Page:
U.S.-South Korea Summit Papers Over Policy Differences

COMMENTARY Asia

U.S.-South Korea Summit Papers Over Policy Differences

May 27th, 2021 4 min read
COMMENTARY BY
Bruce Klingner

Senior Research Fellow, Northeast Asia

Bruce Klingner specializes in Korean and Japanese affairs as the senior research fellow for Northeast Asia.
U.S. President Joe Biden and South Korean President Moon Jae-in participate in a press conference in the East Room of the White House in Washington, D.C. on May 21, 2021. BRENDAN SMIALOWSKI / AFP / Getty Images

Key Takeaways

The lengthy joint statement had something for everybody, reflecting both a compendium of agreements and compromises on security issues.

Washington gained Seoul’s affirmation and seeming prioritization of the complete denuclearization of the Korean Peninsula.

Significant differences remain on North Korea policy and Seoul’s continued reluctance to criticize Chinese belligerence and intimidation is disappointing.

President Joe Biden’s meeting with South Korea’s President Moon Jae-in was highly successful in underscoring the strong bilateral relationship, shared values and objectives, and the importance of South Korea not only to the United States but on the world stage. The lengthy joint statement had something for everybody, reflecting both a compendium of agreements and compromises on security issues.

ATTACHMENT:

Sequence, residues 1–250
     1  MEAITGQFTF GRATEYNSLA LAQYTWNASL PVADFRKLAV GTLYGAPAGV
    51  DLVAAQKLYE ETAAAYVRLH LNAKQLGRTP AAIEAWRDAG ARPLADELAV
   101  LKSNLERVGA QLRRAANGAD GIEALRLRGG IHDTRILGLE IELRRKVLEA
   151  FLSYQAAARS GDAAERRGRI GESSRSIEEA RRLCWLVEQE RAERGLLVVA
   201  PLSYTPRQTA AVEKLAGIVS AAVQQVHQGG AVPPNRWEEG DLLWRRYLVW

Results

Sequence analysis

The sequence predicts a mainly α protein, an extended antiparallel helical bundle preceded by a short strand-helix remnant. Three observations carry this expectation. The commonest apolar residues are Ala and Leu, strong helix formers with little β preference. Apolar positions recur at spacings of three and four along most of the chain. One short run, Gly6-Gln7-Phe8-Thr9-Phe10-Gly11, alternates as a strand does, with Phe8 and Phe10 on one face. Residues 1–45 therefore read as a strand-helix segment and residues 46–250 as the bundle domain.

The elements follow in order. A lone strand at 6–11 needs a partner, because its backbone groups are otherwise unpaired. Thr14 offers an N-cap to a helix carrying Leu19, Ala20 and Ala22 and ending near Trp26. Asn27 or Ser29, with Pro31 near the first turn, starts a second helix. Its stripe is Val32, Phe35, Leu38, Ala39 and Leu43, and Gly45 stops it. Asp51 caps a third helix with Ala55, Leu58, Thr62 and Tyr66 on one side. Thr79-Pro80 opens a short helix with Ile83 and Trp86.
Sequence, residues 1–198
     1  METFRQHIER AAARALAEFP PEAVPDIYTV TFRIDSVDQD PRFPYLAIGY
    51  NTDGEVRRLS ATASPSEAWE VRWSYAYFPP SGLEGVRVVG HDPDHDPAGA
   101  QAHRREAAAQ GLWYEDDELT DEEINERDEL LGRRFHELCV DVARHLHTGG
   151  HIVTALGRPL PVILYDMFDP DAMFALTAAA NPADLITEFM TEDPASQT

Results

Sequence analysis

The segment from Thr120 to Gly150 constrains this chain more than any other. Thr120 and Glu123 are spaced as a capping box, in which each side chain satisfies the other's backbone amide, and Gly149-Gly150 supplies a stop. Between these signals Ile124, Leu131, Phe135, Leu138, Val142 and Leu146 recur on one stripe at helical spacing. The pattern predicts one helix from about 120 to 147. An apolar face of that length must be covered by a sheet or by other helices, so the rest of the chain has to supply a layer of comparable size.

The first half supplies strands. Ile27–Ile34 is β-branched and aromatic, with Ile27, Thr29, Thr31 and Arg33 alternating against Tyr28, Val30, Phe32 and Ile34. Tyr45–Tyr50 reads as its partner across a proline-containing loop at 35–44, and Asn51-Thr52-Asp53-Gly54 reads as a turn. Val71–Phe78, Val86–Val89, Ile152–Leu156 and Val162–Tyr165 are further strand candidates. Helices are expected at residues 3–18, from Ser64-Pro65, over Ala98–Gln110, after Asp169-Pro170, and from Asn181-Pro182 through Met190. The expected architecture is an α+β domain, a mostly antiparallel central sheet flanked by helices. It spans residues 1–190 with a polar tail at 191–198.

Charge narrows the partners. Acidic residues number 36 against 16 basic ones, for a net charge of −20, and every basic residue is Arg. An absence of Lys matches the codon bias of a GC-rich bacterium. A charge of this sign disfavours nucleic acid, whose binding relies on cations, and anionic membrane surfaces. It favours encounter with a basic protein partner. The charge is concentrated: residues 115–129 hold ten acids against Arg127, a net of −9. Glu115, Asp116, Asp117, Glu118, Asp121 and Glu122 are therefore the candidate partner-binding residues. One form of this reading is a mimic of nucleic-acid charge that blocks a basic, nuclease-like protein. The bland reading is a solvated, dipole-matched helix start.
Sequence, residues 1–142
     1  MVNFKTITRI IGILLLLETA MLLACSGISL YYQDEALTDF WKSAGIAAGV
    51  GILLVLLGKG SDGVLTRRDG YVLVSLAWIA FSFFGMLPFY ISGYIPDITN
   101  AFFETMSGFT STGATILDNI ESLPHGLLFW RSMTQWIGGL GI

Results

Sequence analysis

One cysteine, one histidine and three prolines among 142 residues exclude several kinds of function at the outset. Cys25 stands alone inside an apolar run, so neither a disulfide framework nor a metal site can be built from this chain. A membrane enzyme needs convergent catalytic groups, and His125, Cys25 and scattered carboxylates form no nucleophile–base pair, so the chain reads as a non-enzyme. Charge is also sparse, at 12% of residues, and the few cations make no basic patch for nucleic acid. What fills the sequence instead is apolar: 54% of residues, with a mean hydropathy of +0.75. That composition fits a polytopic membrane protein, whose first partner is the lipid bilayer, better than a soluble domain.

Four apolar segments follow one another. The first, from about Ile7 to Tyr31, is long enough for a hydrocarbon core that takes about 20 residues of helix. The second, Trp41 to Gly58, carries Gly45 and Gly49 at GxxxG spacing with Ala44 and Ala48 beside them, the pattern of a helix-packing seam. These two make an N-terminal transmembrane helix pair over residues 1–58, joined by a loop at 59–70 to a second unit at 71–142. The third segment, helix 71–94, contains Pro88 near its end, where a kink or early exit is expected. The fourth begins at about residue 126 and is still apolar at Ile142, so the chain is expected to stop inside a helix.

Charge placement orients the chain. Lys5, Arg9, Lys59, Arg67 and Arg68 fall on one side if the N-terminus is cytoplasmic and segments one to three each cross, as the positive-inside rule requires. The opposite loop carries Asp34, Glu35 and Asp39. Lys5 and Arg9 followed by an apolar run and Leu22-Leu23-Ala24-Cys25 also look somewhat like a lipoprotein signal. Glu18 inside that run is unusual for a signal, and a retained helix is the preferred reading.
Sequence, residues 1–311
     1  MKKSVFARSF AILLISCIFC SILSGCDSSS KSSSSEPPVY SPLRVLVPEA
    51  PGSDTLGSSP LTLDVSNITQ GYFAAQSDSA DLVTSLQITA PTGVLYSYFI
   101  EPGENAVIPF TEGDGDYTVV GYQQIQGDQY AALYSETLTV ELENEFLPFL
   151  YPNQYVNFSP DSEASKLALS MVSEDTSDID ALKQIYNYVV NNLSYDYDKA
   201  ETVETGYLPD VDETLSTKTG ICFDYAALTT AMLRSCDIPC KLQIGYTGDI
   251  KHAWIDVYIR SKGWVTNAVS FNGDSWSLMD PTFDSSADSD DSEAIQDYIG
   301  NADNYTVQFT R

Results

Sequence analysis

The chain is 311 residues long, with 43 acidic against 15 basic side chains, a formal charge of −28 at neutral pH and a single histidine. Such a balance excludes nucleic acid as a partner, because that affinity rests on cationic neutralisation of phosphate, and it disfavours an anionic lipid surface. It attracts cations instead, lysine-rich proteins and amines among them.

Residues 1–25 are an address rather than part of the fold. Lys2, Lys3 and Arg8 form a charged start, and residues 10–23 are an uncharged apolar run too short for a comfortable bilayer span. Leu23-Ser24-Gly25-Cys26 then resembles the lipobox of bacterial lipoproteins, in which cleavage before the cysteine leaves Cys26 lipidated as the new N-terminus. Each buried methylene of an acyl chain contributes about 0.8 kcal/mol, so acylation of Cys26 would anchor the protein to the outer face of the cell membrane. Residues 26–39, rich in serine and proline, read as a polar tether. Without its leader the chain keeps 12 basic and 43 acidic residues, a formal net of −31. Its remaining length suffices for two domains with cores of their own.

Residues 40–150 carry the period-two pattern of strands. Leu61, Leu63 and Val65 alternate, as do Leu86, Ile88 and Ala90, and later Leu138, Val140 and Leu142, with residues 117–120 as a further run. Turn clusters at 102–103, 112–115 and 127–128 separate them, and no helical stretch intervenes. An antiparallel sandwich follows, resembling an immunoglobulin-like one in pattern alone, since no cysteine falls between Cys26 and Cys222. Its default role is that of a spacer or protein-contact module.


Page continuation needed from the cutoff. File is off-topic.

As expected, the military alliance took pride of place since it marks not only the genesis and sacrifices of the robust relationship but also its continued relevance to address the North Korean threat. The presidents welcomed the successful conclusion of the Special Measures Agreement, which solved a major source of bilateral tension during the Trump administration.

The presidential reiteration of both countries’ commitment to a conditions-based transition of wartime operational control of South Korean forces may end Moon’s quest for doing so in the last year of his term. Washington had rebuffed Moon’s attempt to prematurely implement the bilateral plan prior to Seoul having fulfilled all of the agreed upon conditions.

Unexpectedly, Washington acquiesced to Seoul’s request for eliminating all range and payload restrictions on South Korea’s missiles. The development may have been a quid pro quo for Seoul backing off on operational control transition and now leaves South Korea free to develop missiles with a greater than 800 kilometer range.